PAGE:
Wednesday, December 29, 2010
“Where you go?”
I shook my head, smiling politely.
The sun bore down on my bare shoulders and I cursed myself for forgetting to put on sunscreen as we rushed to catch our ferry to Indonesia.
“Where you go?”
A posse of five Indonesian men followed me as I walked down the dilapidated pier. I was tired, hot, hungry, and completely out of patience.
“Look, I don’t need a ride anywhere.”
I breathed deeply searching for a calm I did not feel as my words failed to register with them. I stalked further down the rickety dock. One man followed me past the police stationed at the waterfront. I eyed them, trying to find reprieve from this unwanted attention but was not surprised when they simply looked the other direction.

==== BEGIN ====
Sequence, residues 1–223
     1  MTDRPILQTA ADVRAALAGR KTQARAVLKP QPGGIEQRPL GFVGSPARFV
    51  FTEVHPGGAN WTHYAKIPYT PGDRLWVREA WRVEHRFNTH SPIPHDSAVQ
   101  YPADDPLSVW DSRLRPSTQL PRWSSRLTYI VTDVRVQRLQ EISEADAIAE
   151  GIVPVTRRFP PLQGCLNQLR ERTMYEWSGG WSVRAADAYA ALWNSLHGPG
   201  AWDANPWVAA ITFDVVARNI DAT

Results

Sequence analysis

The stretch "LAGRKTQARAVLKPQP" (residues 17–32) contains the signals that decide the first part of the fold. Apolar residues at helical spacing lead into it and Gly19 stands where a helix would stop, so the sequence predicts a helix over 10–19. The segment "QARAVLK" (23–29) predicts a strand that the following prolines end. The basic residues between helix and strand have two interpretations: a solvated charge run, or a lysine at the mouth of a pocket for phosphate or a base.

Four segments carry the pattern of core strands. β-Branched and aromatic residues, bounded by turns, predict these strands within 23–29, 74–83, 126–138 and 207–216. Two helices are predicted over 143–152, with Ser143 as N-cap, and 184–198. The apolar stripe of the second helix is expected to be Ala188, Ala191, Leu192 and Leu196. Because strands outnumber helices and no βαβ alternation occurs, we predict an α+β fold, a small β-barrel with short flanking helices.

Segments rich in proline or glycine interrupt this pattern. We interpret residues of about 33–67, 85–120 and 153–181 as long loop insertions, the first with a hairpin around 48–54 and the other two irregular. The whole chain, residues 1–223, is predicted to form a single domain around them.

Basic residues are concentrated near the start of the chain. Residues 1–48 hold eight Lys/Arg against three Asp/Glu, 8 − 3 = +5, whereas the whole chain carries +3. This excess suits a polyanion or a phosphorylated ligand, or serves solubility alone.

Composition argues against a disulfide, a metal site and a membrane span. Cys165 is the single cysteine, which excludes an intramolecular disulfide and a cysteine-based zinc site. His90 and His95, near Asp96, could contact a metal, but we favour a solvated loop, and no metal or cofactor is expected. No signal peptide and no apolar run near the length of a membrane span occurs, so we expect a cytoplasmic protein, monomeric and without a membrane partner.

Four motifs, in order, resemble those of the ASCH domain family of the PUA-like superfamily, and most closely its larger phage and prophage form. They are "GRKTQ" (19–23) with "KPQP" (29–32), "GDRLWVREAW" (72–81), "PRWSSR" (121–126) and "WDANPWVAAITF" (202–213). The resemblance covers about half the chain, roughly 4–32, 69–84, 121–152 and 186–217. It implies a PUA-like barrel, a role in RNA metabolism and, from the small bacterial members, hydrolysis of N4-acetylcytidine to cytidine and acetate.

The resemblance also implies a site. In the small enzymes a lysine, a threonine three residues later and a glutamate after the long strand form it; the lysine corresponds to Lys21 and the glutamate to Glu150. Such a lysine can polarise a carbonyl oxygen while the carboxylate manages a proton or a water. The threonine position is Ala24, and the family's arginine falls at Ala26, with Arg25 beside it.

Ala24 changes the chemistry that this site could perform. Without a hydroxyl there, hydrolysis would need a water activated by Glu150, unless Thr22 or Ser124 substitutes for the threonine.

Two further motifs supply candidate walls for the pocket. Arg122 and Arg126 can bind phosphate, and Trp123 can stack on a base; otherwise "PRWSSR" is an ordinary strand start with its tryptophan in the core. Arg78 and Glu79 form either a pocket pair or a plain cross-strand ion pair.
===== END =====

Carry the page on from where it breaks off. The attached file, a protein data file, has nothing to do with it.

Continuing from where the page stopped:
The man, his face badly scared, put his wrinkled hand on my shoulder to forcibly stop me from walking away. His dirty fingers left marks on my pale white blouse but that didn’t matter because something inside of me snapped and my rage boiled over.
The word escaped my mouth with such ferocity I scarcely believed it emanated from me; after one month traveling overland through South East Asia, I was no stranger to persistent locals. Frankly, I usually dealt better with the annoyance. I understood these people depended on me to make their living. Did they over charge me? You had better believe it. Were they a hassle? Undeniably so. I had a hard time faulting them, however, when two dollars made such little difference to me and such a great difference in their world.